With the arrival of October 2015, the Law on Control of Certain Investments came into force. The purpose of this law is to create legal instrumentation to control companies of strategic importance in order to protect national security and public order. The law is aimed at controlling large investments made by a single investor to gain significant stakes that in turn could have an adverse effect on the protected company. This law is primarily aimed at companies with significant market shares in the energy, chemical and defense sectors. Similar regulations have already been established in other EU Member States.
Impact of the parliamentary elections on the economy
Over the past 8 years, Poland was ruled by the “Civil Platform” PO (Platforma Obywatelska). During this time, strong economic growth and a decline in unemployment were recorded. With the parliamentary elections held on October 25, 2015 Poland is now awaiting a change of government. The party “Law and Justice” PiS (Prawo i Sprawiedliwosc) won an absolute majority with 235 out of 460 seats in the Sejm.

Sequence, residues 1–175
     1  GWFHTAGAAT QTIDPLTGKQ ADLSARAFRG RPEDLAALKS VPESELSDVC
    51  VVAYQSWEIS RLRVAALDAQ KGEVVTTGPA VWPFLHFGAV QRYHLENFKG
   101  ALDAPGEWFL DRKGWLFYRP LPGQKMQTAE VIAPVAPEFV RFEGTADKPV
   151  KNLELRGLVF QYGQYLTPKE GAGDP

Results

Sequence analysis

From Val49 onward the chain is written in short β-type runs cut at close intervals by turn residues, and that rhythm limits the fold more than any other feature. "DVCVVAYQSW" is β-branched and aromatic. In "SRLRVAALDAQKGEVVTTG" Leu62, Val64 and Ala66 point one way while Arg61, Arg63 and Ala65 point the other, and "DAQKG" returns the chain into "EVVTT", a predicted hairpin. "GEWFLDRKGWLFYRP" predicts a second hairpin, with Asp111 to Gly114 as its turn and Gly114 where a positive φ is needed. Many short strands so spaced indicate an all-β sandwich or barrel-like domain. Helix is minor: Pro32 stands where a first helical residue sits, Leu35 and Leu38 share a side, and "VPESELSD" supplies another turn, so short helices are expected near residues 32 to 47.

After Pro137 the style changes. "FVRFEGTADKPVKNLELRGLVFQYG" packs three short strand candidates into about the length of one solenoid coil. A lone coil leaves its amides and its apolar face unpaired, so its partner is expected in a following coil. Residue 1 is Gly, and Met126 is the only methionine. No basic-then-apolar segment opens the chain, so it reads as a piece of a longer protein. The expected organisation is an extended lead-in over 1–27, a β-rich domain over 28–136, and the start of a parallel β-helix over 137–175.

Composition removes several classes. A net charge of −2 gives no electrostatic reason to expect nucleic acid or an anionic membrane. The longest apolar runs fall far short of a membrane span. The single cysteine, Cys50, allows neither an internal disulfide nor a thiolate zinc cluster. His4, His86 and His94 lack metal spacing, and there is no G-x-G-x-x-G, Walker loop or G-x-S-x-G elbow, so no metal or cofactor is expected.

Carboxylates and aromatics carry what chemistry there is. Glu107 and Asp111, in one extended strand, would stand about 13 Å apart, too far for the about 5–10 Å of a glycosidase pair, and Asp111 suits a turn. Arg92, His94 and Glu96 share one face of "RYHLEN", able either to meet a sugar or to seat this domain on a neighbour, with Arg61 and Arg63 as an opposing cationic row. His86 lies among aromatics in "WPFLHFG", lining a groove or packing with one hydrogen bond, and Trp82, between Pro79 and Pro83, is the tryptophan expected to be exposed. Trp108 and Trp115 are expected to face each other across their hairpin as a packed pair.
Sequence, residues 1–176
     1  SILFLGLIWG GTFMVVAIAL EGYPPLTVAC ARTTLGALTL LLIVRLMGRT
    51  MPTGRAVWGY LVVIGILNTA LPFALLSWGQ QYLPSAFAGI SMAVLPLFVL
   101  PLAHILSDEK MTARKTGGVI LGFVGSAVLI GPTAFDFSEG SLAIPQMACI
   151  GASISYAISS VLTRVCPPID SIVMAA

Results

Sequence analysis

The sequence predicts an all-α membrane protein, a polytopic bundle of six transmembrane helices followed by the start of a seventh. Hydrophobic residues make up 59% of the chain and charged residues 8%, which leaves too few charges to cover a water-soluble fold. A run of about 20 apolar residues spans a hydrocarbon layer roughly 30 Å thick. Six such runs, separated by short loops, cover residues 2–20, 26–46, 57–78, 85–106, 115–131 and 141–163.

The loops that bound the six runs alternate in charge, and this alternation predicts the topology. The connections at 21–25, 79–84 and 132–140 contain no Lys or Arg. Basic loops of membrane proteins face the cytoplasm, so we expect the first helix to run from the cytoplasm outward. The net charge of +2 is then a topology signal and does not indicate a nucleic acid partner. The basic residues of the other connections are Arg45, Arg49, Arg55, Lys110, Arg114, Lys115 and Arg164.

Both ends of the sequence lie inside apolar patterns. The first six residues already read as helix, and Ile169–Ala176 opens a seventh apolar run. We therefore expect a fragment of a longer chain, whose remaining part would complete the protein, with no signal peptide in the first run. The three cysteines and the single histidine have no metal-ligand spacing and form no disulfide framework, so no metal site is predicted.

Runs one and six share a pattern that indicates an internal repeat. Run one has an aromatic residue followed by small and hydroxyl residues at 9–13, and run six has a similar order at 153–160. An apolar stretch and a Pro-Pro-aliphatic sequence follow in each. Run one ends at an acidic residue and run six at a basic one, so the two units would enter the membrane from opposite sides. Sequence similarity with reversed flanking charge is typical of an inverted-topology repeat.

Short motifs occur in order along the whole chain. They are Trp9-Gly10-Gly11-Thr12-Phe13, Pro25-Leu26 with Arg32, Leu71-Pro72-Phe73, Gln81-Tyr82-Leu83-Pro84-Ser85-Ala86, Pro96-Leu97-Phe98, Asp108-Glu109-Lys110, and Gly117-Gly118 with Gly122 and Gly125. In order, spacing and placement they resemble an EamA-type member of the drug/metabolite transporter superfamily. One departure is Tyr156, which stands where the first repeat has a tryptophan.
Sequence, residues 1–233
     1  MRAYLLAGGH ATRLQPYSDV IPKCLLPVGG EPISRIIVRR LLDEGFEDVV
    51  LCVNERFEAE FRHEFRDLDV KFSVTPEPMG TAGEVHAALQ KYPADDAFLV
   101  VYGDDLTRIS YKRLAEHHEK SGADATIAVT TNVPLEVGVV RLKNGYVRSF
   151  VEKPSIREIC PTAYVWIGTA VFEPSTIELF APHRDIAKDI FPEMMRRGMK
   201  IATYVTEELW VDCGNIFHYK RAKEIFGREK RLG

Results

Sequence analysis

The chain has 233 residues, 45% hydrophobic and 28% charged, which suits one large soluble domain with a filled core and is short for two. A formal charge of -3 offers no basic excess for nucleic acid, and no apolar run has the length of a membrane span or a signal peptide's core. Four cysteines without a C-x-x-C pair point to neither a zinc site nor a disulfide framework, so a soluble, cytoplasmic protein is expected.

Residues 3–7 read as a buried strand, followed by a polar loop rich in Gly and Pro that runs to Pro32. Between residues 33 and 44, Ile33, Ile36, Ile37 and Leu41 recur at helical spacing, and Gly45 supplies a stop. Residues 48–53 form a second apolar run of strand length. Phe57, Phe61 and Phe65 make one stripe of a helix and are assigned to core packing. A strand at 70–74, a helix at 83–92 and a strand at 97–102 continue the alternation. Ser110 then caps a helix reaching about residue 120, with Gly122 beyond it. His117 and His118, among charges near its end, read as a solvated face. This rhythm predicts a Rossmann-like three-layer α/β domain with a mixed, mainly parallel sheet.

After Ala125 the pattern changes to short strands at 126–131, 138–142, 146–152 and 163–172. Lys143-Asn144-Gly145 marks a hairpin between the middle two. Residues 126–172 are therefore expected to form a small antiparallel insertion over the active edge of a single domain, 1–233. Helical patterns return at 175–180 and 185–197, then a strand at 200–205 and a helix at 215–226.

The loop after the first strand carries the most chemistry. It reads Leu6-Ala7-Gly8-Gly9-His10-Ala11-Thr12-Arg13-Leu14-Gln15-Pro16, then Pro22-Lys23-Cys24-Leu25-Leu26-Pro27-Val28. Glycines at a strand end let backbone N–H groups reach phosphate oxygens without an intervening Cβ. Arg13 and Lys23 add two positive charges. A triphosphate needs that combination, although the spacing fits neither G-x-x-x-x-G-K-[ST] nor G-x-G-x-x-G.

It is uncertain how the change of government will affect the economic situation. According to Michael Kern, the GDP growth in Poland may reach even more than four percent in the years 2016-2017, provided that the party carries out all of their promises. In the following years the potential economic growth rate would more than likely fall below three percent.
Analysts also predict that the implementation of the economic program by PiS, at least in its current form, will accelerate GDP growth, public consumption and inflation rates in 2016.
According to Mr. Kern, German-Polish political relations are not at risk, and his view i that “the economies of Germany and Poland are so closely intertwined that even in the case of changes in the political landscape, the development of bilateral economic relations can be considered stable.”